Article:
“One can’t come here and not think about the fact that for too many of our city’s children the sound of gunfire is the background music of their lives,” he said. “We can’t help but think of Laylah Petersen, we can’t not think of (10-year-old 2014 gunshot victim) Sierra Guyton, of Za’layia Jenkins (age 9, killed by a stray bullet in May). Too many of our children suffer violent death.”
Petersen was killed when several shots were fired into the front of the home she shared with her grandparents on North 58th Street. She was sitting on her grandfather’s lap when a bullet struck her in the head; she died later at a hospital.
Three men were arrested last year and charged in connection to the shooting that resulted in Laylah’s death. Investigators allege the gunmen were seeking revenge for an unrelated crime and targeted Laylah’s house by mistake.
Flynn said the peace garden should “be to us a call to action. This should not have to happen again. We should not need more peace gardens.”
Mindfulness helps students with healing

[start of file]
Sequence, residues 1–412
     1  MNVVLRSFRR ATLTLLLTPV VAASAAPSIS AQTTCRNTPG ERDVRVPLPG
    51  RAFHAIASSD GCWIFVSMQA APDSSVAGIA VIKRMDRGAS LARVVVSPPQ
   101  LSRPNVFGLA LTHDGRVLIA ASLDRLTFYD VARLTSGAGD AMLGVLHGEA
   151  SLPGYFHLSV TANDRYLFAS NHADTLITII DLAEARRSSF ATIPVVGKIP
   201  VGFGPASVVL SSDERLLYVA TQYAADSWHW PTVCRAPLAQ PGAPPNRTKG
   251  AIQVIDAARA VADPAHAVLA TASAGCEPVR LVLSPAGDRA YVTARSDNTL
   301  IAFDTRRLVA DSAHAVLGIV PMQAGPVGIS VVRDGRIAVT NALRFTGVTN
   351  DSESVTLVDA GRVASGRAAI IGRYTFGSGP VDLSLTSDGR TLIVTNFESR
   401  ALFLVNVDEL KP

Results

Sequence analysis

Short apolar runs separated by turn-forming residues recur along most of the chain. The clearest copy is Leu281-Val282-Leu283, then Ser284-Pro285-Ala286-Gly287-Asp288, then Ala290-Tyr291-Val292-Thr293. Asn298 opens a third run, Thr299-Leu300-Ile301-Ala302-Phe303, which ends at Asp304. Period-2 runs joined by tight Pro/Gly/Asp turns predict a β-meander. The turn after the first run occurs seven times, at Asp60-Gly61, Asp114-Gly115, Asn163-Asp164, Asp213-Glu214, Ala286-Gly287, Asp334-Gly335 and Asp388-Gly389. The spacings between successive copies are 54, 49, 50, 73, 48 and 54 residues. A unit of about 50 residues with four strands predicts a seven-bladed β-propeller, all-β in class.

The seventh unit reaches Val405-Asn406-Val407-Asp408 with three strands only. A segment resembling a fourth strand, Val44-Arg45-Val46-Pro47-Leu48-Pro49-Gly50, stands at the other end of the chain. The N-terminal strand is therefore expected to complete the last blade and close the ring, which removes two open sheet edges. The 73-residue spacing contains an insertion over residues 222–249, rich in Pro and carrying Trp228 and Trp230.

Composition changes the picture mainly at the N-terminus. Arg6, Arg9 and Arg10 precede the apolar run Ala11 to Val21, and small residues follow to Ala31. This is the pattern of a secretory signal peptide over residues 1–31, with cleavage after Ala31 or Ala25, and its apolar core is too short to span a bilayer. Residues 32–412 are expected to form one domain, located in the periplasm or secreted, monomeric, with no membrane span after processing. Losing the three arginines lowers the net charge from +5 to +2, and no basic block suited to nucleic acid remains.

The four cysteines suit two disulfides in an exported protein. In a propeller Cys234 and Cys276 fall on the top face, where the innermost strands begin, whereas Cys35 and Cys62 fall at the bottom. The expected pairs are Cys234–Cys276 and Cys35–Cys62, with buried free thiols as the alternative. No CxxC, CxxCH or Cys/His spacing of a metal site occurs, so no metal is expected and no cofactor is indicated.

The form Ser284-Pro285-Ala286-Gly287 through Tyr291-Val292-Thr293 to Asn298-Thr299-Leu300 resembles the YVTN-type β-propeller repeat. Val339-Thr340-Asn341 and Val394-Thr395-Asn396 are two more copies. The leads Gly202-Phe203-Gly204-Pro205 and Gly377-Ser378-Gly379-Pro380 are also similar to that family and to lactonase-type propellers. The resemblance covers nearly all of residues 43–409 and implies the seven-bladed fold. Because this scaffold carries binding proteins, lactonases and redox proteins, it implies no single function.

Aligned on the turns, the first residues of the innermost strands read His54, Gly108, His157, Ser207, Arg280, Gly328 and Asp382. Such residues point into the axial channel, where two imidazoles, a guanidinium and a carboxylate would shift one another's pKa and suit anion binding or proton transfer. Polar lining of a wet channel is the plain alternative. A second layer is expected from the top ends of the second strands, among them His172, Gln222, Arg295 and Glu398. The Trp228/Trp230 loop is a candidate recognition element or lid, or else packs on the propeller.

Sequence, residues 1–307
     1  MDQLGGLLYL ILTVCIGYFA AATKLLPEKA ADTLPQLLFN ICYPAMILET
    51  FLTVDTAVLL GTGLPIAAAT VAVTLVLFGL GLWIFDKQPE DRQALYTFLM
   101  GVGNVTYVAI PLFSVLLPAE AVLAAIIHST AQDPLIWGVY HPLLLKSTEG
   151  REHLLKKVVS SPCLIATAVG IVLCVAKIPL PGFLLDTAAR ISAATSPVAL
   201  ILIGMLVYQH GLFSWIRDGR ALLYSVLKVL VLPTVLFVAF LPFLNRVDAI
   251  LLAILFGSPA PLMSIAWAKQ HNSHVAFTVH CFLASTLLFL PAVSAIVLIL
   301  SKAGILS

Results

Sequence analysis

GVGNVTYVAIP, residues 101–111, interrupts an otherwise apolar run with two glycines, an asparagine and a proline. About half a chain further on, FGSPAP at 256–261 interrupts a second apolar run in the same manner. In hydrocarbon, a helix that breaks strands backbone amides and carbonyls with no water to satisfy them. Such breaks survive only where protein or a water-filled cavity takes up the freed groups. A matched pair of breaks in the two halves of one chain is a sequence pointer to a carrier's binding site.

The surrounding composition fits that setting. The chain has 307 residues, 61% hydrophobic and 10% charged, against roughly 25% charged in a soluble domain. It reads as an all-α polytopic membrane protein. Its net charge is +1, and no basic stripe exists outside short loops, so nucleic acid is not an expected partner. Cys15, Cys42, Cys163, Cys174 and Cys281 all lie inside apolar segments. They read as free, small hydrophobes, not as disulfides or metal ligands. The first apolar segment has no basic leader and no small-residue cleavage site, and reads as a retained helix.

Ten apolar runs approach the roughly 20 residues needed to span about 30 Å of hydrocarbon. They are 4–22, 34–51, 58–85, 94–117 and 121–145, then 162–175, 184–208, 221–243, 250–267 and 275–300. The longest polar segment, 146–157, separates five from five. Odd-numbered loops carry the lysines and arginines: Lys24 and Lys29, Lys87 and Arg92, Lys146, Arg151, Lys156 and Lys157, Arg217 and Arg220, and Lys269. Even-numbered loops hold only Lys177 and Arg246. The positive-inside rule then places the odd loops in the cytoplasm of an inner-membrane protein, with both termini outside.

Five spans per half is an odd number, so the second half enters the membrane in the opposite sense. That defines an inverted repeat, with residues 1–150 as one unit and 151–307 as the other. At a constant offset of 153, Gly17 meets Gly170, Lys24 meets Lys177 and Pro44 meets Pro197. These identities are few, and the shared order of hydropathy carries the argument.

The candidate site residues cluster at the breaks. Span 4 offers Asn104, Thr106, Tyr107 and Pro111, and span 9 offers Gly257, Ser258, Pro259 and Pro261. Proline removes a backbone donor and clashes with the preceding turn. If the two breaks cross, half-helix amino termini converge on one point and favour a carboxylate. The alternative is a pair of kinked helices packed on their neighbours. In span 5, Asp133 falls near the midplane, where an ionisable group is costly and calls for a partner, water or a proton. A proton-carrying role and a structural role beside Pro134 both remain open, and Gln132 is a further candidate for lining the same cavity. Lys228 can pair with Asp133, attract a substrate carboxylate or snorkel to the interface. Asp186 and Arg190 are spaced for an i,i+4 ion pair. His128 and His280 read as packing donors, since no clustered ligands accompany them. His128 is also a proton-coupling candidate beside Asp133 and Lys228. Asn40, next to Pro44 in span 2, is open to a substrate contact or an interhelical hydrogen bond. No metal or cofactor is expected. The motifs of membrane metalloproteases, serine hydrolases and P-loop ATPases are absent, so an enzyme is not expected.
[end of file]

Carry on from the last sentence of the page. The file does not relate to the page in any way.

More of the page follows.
The garden has been described by staff members as a physical sign of the sense of peace that Northwest Catholic seeks to establish within its walls and within the lives of its students.
Just a few months before Laylah’s death, the school began implementing mindfulness exercises into the daily schedule of all classes on both campuses. These guided breathing and relaxation techniques announced over the PA system, NWCS director of advancement Elizabeth Gardner told the Catholic Herald, are tools that can help students refocus if they are in distress.
“In order for our kids to be able to learn, they need more tools, because many of our families have experienced some trauma in their life,” she said. “We began the program just a couple months before the tragedy with Laylah occurred, and we were very thankful that we had this already in place.”
The mindfulness program is a collaboration with Mount Mary University and is funded by the Charles E. Kubly Foundation. Other mindfulness exercises in which the students engage include HeartMath techniques, which utilize technology to measure breathing and heart rate as students view calming images on a computer screen.